Cedar River Watershed newsletter, Issue 19
Discover Learn Connect
Connecting people to the source of Seattle's drinking water, inspiring confidence, stewardship and sustainability.
Questions? Comments? Contact Cedar River Watershed Education Center
crwprograms@seattle.gov
or (206) 733-9421
 

Quiet Waters: Wetlands of the Watershed, Saturday, May 9th

Program participants

Program participants delve into the world of wetlands, led by expert instructor, Clay Antieau, seen standing in back. Photograph by Fran Brooks.

Discover more about the watershed’s wetlands with instructor Clay Antieau, botanist and environmental specialist with Seattle Public Utilities. He has researched various aspects of the watershed for close to thirty years. Here are some of Clay’s thoughts regarding the special ecosystem of the wetland.

What is so special about the wetlands of the CRMW?
The Cedar River Municipal Watershed is an important place to study wetlands because it has rare examples of intact wetland systems such as bogs, large fens, and kettle wetlands. Most of these ecosystems are high quality examples, despite the extensive landscape changes caused by previous human uses.

What kinds of animals rely on wetlands?
Many animals rely on wetlands for all or part of their life history. Some species, such as many waterfowl, use wetlands as temporary stopover points in their migration. Others, such as Beller’s ground beetle, rely exclusively on very specific wetland habitats for their entire lives.

What are some features that visitors can expect to see on the field program?
This field program explores some of the more unusual wetland types found in this region; places not seen by the casual visitor. Discover the unique characteristics of bog, fen, and kettle wetlands. Previous students and participants have expressed that visiting these special landscapes has been a life-altering experience!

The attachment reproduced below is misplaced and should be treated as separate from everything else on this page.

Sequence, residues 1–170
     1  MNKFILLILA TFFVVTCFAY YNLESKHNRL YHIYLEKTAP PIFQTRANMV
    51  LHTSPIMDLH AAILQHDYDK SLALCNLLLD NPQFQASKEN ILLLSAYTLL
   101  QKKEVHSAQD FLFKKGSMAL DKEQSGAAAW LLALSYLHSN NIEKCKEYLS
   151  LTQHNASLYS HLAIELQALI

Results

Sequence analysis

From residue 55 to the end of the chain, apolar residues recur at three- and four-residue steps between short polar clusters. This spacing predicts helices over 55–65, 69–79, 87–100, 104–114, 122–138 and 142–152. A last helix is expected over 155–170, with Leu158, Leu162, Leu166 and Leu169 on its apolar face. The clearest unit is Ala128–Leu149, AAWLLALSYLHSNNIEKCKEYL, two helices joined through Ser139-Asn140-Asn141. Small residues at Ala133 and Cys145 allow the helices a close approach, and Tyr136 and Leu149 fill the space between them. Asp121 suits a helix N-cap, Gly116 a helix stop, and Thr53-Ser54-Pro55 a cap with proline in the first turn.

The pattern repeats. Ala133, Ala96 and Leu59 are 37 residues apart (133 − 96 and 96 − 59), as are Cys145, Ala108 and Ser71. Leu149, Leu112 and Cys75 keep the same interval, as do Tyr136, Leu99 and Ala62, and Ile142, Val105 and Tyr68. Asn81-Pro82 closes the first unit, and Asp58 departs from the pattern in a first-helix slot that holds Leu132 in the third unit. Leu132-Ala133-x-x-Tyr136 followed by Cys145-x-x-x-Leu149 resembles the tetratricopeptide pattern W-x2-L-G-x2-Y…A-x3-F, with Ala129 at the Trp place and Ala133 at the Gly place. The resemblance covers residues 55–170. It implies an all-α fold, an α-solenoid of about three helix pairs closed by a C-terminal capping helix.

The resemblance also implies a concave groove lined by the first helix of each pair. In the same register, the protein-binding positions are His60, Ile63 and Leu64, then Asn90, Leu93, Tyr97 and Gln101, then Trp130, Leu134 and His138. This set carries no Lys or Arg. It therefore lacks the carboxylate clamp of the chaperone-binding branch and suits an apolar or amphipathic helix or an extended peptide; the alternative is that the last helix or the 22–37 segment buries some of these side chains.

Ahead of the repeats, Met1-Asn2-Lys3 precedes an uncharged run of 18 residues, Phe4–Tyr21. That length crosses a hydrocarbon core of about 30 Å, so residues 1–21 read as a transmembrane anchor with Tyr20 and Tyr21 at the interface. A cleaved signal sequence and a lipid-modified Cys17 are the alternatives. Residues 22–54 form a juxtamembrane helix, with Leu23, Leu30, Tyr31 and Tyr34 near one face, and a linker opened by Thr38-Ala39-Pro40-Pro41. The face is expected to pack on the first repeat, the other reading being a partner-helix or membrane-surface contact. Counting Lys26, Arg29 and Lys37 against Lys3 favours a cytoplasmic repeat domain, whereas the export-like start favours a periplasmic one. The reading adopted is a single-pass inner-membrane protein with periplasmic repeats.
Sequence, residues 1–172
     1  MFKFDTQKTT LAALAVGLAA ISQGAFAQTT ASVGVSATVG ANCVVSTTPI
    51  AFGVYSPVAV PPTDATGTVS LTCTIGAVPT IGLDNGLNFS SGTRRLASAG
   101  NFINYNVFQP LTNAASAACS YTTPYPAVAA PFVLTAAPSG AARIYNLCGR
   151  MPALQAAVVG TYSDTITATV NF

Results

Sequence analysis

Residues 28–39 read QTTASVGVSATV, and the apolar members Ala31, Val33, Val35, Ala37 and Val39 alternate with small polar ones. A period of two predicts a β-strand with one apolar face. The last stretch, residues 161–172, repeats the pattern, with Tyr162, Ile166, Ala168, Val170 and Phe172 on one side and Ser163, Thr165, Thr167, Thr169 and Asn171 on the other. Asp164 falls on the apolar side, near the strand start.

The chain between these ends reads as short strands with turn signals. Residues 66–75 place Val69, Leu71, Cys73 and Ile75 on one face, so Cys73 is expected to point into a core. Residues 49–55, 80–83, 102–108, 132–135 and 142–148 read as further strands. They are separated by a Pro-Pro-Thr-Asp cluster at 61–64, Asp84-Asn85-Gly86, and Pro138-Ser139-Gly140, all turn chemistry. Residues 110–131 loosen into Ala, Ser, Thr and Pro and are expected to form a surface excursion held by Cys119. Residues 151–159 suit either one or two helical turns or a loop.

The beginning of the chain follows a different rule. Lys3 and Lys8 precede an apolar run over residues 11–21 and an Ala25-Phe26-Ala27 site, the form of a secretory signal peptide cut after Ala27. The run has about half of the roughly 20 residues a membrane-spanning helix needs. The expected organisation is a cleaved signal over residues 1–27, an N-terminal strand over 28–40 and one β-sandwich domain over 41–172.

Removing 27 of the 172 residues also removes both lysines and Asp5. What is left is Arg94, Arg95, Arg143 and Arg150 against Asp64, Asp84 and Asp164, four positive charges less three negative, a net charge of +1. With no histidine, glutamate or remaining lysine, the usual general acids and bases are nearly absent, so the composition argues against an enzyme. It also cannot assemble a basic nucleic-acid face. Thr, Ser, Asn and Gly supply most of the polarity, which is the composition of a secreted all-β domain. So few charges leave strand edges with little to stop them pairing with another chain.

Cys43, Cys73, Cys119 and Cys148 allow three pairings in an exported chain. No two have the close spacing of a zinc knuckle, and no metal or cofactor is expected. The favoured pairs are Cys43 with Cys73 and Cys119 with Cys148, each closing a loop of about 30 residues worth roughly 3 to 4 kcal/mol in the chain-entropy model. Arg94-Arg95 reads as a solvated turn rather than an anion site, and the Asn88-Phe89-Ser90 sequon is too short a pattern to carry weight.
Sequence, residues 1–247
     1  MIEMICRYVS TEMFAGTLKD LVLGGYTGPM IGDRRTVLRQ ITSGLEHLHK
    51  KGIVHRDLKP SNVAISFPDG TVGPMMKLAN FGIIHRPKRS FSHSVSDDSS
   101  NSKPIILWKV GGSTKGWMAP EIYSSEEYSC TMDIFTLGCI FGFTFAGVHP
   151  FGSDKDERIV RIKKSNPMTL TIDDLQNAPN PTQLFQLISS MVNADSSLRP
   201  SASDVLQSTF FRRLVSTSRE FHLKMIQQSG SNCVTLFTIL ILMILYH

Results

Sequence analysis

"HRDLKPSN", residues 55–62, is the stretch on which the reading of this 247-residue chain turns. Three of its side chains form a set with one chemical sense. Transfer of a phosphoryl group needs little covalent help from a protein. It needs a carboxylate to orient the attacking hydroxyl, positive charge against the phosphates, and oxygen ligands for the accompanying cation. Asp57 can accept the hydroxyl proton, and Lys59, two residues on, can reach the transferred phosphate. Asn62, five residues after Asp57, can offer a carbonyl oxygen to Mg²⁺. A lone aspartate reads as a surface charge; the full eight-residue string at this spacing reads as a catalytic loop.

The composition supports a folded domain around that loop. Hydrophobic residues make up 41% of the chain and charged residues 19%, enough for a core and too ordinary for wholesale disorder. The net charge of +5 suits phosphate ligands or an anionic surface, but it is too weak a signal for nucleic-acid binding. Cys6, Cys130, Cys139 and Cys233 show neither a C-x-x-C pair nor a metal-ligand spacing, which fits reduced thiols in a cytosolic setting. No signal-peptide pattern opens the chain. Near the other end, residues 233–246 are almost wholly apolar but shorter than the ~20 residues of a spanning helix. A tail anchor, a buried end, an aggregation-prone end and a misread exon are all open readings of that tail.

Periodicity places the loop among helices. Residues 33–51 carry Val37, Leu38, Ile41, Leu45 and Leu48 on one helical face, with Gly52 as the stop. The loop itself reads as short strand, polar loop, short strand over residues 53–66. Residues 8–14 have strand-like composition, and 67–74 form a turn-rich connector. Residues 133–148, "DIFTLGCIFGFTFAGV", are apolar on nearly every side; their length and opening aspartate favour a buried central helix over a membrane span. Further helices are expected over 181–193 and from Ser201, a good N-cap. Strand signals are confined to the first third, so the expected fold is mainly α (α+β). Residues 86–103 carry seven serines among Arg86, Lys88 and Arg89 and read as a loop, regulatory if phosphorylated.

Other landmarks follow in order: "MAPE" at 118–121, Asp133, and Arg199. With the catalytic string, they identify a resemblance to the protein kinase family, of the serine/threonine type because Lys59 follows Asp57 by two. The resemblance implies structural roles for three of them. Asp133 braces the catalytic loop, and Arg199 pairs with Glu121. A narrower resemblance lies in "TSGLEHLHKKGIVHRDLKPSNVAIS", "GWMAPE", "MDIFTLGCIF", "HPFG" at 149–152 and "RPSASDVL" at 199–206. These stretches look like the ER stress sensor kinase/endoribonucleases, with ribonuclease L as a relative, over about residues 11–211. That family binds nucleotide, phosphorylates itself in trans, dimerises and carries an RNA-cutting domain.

What’s your most memorable wetland experience?
I was botanizing in the Municipal Watershed’s Eagle Ridge Fen when I unexpectedly fell through a floating mat of vegetation and was unable to get out! Fortunately, I was with a colleague who assisted in extracting me from the muck.

Rest assured, you will stay on solid ground when you “get your feet wet” on this day of wetland exploration!

Did You Know?

Sundew, a small carnivorous plant

Sundew is a small carnivorous plant found in wetlands throughout the Pacific Northwest which attracts insects with sweet secretions, then captures and digests it with its’ sticky mucus coated tentacles.

Wetlands are areas of land where water significantly influences the physical, biological, and chemical aspects of the terrain. There are many different kinds of wetlands, such as marshes, fens, and bogs. The types of wetlands are distinguished by the seasonal presence, flow, and depth of water as well as the soil type, and plant diversity. The Cedar River Municipal Watershed (CRMW) is home to several examples of high quality wetlands. To learn more, explore our webpage about the CRMW wetlands, and then join us for our wetland program on Saturday May 9!

Breaking News

Registration is Open!

You can now register for all 2015 field programs. Space fills quickly, so secure your spot soon.

We have a new registration system. The first time you use the system you will need to set up an account. You can still register by phone or in person at the Education Center. We no longer accept credit card payments over the phone.

Questions?
Frequently Asked Questions
(206) 733 – 9421
crwprograms@seattle.gov

The Early Bird Gets the Discount!

Get 20% off when you register for any Natural History program before May 1! Limit four people per program, per registration.

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Visit Us

Education Center

19901 Cedar Falls Rd SE
North Bend, WA 98045

OPEN
April thru October
Tuesday - Sunday
10:00 a.m. - 5:00 p.m.

November thru March
Tuesday - Sunday
10:00 a.m. - 4:00 p.m.

Rattlesnake Lake Recreation Area

19901 Cedar Falls Rd SE
North Bend, WA 98045
All Year
6:00 a.m. – Dusk

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Cedar River Watershed  email   |  (206) 733-9421  |  (425) 831-6780